A survey was designed to measure how students perceive their ability to succeed in an academic setting and find out which aspects of learning fluency might need a greater emphasis during the activity design phase. In addition to the paper copies issued to the target audience, it is also available in a digital format to be used at the beginning of each class. Using this online survey, students will be able to see which aspects of learning fluency they struggle with in comparison with the rest of the class and the instructor will be able to see where emphasis should be placed in the teaching process.
Surveys were taken of all potential students that the researcher came in contact with. The method was not selective, but demographic data indicates that all participants fall within a 15 year age span. Half of respondents identified as male and the other half as female. GPA averaged at 3.2 on a 4.0 scale and every student anticipated some level of education beyond high school. All were informed that the completion of the survey was voluntary and that their results would only be analyzed in aggregate. They had an option to include their email address to view the results and half of respondents chose to do so.
In addition to demographic data, students completed 22 questions dealing with particular aspects of the 5 learning fluencies identified by earlier research (Jenson, 2015). The 22 questions were all phrased as a positive statement (with the exception of 3 that were discarded in the analysis as potentially invalid). Students answered the questions using a Likert Scale ranging from 1(completely disagree) to 5 (completely agree). They also had the option to complete a section meant to provide further insight on student success habits and personalities. This analysis was not completed for that optional portion of learner assessment as there was not sufficient data to produce significant results. Additional surveys will be added to this study as they come available to improve the validity of the statistical analysis that follows. To view the survey in its digital format, please use this link. https://goo.gl/forms/mCZhTY3LMrdVSO363
Statistical analysis of survey results revealed several factors of significance. An analysis of the averages revealed which factors of learning, in general, students felt most or least confident. Variance analysis showed which factors had the greatest disparity of answers. Finally, a quick look at the range of answers selected revealed the lowest and highest scores for each question.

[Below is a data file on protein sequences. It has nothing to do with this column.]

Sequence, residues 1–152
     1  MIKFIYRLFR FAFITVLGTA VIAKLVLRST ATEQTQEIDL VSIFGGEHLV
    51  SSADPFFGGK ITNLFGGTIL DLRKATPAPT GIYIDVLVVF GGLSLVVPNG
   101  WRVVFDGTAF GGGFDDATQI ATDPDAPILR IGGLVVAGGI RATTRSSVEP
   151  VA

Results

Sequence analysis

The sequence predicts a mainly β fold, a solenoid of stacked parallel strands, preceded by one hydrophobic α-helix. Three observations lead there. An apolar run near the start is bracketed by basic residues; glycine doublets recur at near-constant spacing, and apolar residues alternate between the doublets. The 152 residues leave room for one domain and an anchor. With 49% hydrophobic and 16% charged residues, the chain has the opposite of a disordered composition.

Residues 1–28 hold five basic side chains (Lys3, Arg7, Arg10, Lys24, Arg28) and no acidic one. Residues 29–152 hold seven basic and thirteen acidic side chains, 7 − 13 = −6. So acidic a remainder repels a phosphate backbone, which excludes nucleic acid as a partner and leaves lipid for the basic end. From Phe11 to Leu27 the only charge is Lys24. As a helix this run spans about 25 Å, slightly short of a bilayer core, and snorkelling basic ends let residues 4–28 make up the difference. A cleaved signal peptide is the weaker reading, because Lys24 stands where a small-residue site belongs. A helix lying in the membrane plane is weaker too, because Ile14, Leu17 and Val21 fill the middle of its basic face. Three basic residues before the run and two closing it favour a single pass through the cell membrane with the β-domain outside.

Overall, respondents were more likely to agree with the prompts than to disagree. Only five questions received an answer of 1 (completely disagree) while there were 13 selections of 5 (completely agree). Two of the complete disagreements came from the questions that were negatively worded and discarded. Three questions had a range of only 1 point: (I want to succeed in education; Most people are smarter than me; I am generally awake throughout the day). Two questions had a range of 4 points (I have studied my personality type; I can fix most problems on my computer).
The questions with the highest level of agreement (average above 4-agree) included: I know what it takes to be a successful student; I learn more from conversations than from books; I prefer projects to tests; I want to succeed in education. Those with the lowest levels of agreement (between 2-disagree and 3 – undecided): I have a physical or mental barrier to learning; I know how to fix most problems on my computer; I am uncomfortable challenging others ideas; I feel like my teachers don’t understand me. The last two of this list were discarded as invalid because of negative wording.
A look at the variance showed which questions students tended to answer more similarly or differently than each other. The following questions had the least amount of variance: I am generally awake throughout the day (0.267); I learn smoething new every day (0.4); most people are smarter than me (0.3); and I want to succeed in education (0.267). Questions with the greatest levels of variance included: I feel like my teachers don’t understand me (1.5 – discarded); I have studied my personality type (2.0); I can fix most problems on my phone or computer (2.967); and I have a physical or mental barrier to learning (1.767). Standard deviation calculations matched those of the variance.
Survey questions measured two things: student preparation for and reaction to the learning environment as indicated by preliminary informal research. Example questions included: I am often bored in class; I have a well educated family; I have a physical or mental barrier to learning. The remaining survey question measured student familiarity with one aspect of the five learning fluencies: literacy, technology, intrapersonal, interpersonal, and academic. All questions were randomly ordered to prevent a bias by the student toward a particular section.